About Us is a completely different story altogether. No work is required of the listener on this second album by Stories, as Eddie Kramer's cinematic production gives the band definition and drama, pulling them into the leagues of such power poppers as Badfinger, the Raspberries and Todd Rundgren. Not that Stories rocked as hard as any of those three -- there's not much kinetic thrust to their rhythms or reckless abandon to their playing, not even on the boogie "Don't Ever Let Me Down" or the jokey blues of "Down Time Blooze" but there's muscle and color to their sound on About Us; the songs leap out of the speakers and command attention, unlike the tunes on the debut, which whispered and required close listening. Not that Michael Brown has abandoned his long-standing infatuation with delicate melodies, or even his fondness for McCartney-esque whimsy, but when put through the filter of Kramer's production, everything becomes bigger and bolder, to the extent that a jaunty piano instrumental, "Circles," recalls nothing so much as one of Billy Joel's ragtime tunes of the early '70s. Such moves toward the mainstream are undoubtedly why Brown bolted sometime during the recording, leaving the band as the sole province of singer Ian Lloyd, but the music left behind is almost all unmistakably Brown's, as it's all driven by melody and even occasionally built upon baroque keyboards. The major difference and inarguable improvement is in the production, which fleshes out the songs, not only making them easier to appreciate but harder to resist, turning About Us into a minor power pop classic. Of course, the exception to the rule is the album's lone hit, a lush cover of Hot Chocolate's "Brother Louie," which suggested Stories were a blue-eyed soul AM pop band, a suggestion that the rest of the album proved untrue but fewer people heard the other 12 songs on this album, not just in 1973 but throughout the years, so About Us turned into a lost pop classic that even pop aficionados had to be persuaded to find. But once they were persuaded, they were often seduced by this sumptuous yet powerful pop album. Raven's 2007 two-fer contains one bonus track, the 1974 single "Another Love" which was an attempt to do a bisexual spin on "Brother Louie"'s tale of interracial love and, appropriately for the topic, it sounds a bit more glammy than "Brother Louie," or anything else on About Us, actually. Review by Stephen Thomas Erlewine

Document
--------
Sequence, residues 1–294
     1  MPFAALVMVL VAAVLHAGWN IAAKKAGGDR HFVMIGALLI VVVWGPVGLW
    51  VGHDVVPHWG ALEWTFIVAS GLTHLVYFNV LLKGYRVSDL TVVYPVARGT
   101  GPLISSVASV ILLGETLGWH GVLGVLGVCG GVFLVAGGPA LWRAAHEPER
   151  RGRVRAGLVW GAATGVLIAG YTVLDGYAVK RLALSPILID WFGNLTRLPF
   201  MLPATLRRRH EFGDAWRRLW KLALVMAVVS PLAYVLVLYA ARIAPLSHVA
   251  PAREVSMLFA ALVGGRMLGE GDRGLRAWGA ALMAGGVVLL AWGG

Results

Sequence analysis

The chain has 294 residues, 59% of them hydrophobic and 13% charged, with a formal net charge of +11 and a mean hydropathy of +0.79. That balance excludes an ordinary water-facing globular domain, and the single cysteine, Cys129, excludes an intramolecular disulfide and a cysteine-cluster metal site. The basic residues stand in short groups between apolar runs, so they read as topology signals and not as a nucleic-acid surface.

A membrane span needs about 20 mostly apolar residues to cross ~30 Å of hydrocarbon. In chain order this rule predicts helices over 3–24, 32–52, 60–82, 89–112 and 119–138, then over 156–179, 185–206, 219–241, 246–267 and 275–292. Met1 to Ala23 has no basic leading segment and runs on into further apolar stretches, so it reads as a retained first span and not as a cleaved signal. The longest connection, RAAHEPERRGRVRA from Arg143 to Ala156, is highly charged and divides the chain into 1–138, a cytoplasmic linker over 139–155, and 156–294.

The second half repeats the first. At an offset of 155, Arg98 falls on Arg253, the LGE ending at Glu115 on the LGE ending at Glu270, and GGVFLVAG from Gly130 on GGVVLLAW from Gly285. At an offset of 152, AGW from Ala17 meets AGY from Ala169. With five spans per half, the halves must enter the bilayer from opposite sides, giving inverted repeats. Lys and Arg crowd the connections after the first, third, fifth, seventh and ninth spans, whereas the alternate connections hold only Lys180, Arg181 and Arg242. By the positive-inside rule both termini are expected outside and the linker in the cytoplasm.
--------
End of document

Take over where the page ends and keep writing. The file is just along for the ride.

Stories: